Last week, the Supreme Court denied certiorari in Bovat v. Vermont. The petition stemmed from the Vermont Supreme Court’s 3-2 opinion applying Fourth Amendment search jurisprudence. In denying certiorari, Justice Gorsuch, joined by Justices Sotomayor and Kagan, wrote a strongly-worded statement chastising the Vermont Supreme Court’s decision and suggesting he would have granted certiorari. Both the case and Justice Gorsuch’s statement should catch the attention of criminal justice advocates.

Bovat involved a Vermont man charged with violating Vermont hunting laws by shooting a deer at night (spotlights or car headlights cause a deer to stop moving, making it an easier target). This is known as “deer-jacking.” A resident heard the gun shot, saw a truck pull away, and reported the crime to the game warden. Eventually the investigation led law enforcement to believe that Clyde Bovat was responsible. Game wardens drove to Mr. Bovat’s house, proceeded up his driveway, and walked directly to his garage — without attempting to first knock on the front door or make contact with anyone inside. They peered through narrow slat windows and saw Mr. Bovat’s truck inside with what appeared to be deer hair and blood on the top of the truck’s tailgate. Using this evidence, the wardens obtained a search warrant. Mr. Bovat moved to suppress the evidence.

The Vermont Supreme Court affirmed the trial court’s denial of Mr. Bovat’s motion to suppress, finding the evidence fell within the “plain view” doctrine — an established exception to the general requirement that officers obtain a search warrant first. The court found that the game wardens were lawfully in Mr. Bovat’s driveway when they saw the evidence in plain view. Oddly, the Vermont Supreme Court also expressly found Mr. Bovat’s garage inside the home’s curtilage. Because curtilage receives the same Fourth Amendment protection as the home itself, officers are only allowed to be there without a search warrant under extremely limited circumstances. One of those limited circumstances is under an implied license — think of a neighbor entering property, possibly even a front porch, in order to knock on the door. Police officers, for example, can follow a path or sidewalk to someone’s front door, as any other person would, knock, and speak briefly with a person without a warrant. In rural Vermont, however, it’s not always so clear where an implied license begins and ends — front doors are not always used, houses have multiple doors, and driveways are often long.

To resolve this problem, the Vermont Supreme Court differentiated between “semiprivate areas” and “private areas” of curtilage, stating that “a private area may still be open to visual inspection from a semiprivate area.” (State v. Bovat). This solution, however, should raise serious alarm bells. As Justice Gorsuch noted: “Under the court’s logic, it seems, an officer who keeps ten toes in a home’s driveway may stay and search just as he pleases.” Quite clearly, when courts permit law enforcement to make incremental intrusions into Fourth Amendment privacy protections, the slippery slope is not just theoretical. This is precisely the concern that animated Justice Scalia to remark that the Fourth Amendment “would be of little practical value if the State’s agents could stand in a home’s porch or side garden and trawl for evidence with impunity.” (Florida v. Jardines). Indeed, under Vermont’s reasoning it would be perfectly okay if an officer “stands on the [driveway] and uses. . . binoculars to peer through your windows, into your home’s furthest corners.” (Jardines, Kagan, J., concurring). The Vermont Supreme Court’s decision imperils Fourth Amendment protections and may portend further incursions into Fourth Amendment curtilage jurisprudence.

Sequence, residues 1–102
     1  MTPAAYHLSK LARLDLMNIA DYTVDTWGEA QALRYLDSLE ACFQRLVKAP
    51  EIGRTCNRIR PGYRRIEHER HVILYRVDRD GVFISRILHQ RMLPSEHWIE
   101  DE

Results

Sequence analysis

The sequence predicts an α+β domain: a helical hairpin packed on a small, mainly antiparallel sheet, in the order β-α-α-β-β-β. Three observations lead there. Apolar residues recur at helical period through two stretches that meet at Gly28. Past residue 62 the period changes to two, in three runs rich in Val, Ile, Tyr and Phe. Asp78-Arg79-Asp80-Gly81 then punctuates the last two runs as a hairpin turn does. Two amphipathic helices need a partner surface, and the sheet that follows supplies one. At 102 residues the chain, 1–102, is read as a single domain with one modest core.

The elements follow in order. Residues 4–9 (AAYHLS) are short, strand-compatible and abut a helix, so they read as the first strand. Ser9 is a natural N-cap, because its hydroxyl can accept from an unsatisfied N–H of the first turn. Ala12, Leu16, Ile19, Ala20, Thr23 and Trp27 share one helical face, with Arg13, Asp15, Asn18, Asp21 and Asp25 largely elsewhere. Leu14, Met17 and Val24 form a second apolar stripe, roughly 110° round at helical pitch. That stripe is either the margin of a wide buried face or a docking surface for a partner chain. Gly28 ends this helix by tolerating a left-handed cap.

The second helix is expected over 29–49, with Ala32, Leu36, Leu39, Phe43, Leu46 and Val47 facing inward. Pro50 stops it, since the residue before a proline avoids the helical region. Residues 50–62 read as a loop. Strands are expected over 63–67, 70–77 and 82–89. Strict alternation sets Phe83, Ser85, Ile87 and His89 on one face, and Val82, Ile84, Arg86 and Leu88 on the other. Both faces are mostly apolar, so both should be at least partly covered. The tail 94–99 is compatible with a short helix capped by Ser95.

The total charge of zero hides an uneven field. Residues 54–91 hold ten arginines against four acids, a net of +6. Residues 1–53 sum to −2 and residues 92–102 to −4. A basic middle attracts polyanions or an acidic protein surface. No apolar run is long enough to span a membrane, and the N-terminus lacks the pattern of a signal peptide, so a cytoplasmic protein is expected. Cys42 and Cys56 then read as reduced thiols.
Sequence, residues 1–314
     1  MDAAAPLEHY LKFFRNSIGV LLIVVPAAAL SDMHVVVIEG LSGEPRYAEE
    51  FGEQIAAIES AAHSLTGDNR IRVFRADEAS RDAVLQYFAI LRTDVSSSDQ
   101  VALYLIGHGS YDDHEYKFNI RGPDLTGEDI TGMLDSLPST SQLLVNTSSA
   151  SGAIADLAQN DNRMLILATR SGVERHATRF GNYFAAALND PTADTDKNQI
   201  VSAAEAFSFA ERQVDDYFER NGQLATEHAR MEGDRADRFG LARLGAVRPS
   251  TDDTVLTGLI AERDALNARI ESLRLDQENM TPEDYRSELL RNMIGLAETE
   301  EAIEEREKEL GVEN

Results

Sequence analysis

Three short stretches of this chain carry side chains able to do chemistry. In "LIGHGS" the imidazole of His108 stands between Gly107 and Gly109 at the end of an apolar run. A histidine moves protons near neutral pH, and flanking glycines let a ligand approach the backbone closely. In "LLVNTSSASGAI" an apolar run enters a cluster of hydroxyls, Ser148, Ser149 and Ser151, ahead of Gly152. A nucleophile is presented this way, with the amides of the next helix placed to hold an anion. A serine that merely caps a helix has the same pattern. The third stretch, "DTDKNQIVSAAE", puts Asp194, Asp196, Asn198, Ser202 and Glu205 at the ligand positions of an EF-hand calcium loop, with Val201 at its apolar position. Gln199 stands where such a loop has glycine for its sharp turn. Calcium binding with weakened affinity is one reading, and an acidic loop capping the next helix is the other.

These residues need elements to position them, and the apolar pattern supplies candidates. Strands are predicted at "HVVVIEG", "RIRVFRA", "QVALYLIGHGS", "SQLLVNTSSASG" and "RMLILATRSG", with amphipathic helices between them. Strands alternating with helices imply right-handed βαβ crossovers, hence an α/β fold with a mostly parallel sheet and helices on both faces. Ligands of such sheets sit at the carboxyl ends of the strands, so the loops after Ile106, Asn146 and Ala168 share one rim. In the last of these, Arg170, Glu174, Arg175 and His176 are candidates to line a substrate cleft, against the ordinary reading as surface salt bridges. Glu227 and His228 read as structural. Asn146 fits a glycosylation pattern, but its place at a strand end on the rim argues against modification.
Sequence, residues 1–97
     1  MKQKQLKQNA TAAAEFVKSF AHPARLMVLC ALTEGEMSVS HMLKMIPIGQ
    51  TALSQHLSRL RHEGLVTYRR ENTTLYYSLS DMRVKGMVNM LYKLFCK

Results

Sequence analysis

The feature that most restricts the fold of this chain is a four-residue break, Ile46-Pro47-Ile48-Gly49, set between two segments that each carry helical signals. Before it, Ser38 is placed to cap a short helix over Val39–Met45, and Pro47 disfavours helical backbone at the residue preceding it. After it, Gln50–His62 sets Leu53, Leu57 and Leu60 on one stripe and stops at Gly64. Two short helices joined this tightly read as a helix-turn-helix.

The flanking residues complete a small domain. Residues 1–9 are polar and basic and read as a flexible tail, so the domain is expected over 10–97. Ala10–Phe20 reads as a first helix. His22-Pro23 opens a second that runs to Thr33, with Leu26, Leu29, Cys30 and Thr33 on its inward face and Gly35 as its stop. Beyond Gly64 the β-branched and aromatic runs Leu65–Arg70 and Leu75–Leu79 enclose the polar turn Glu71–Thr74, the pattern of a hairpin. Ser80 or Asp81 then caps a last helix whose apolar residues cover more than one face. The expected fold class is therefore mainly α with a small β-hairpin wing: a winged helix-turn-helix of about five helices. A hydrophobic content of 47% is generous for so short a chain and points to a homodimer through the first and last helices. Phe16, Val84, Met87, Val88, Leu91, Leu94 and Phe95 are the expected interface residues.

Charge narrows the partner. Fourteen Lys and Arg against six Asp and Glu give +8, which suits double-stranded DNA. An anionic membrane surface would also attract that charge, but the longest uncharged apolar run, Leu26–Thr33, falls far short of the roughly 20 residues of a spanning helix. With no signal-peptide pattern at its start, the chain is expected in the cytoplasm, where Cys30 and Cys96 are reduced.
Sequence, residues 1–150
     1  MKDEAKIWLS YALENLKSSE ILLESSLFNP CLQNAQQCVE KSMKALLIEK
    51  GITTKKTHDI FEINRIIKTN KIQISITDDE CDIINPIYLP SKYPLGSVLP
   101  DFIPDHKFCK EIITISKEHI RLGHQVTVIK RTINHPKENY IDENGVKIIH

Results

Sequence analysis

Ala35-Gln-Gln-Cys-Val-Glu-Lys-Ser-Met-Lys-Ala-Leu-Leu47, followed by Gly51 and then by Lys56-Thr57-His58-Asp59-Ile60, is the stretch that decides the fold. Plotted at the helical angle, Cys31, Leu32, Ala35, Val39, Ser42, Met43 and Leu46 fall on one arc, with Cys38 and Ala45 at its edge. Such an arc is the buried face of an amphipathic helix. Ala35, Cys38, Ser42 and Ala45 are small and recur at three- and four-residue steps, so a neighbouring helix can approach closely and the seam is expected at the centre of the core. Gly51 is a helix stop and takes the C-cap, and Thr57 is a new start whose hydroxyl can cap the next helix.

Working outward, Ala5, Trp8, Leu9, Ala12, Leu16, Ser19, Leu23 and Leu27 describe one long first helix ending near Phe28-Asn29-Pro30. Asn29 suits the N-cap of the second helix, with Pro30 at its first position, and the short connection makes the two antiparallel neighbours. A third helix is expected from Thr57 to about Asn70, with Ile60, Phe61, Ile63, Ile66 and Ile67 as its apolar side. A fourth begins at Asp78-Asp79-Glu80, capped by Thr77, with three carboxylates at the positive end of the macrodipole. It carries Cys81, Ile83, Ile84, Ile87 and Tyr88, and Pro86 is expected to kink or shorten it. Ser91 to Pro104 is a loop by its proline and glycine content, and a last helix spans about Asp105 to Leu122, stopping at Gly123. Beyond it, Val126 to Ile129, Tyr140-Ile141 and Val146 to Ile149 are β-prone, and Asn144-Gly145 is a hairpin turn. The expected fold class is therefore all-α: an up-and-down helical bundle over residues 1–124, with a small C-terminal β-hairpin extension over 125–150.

Interestingly, Justice Gorsuch implied that he wanted to grant certiorari. Towards the end of his statement he wrote: “Despite the Vermont Supreme Court’s error, I acknowledge that understandable reasons exist for my colleagues’ decision to let this case go.” (Emphasis added).  He noted his hope that the case was only a “stray mistake.” The fact that Justices Sotomayor and Kagan signed on, combined with Justice Ginsburg’s absence, however, suggests that the court might have had the requisite four votes needed to grant certiorari. Moreover, based on Justice Gorsuch’s statement, the court viewed the case as a clear mistake of law, seemingly deserving of summary reversal.

That Justice Gorsuch took particular interest in the case and wrote a statement emphasizing that elements of property law compelled the opposite outcome suggests the Supreme Court is interested in continuing its trend towards a property-based understanding of the Fourth Amendment. Justice Gorsuch wrote a notable dissent in Carpenter v. United States stating that he favored a property-based, positive law understanding of the Fourth Amendment as opposed to the Katz analysis. Justices Alito and Thomas explicitly stated their desire to overturn Katz. (Carpenter).

Whatever else Justice Gorsuch’s statement in Bovat v. Vermont signals, it certainly indicates that he is receptive to property-based arguments in Fourth Amendment cases and is looking to affirm that understanding. With Justice Barrett now on the bench, it seems the Supreme Court may soon have the votes to return to a property-based Fourth Amendment analysis — this could also mean that a majority of the court is ready to take aim at Katz.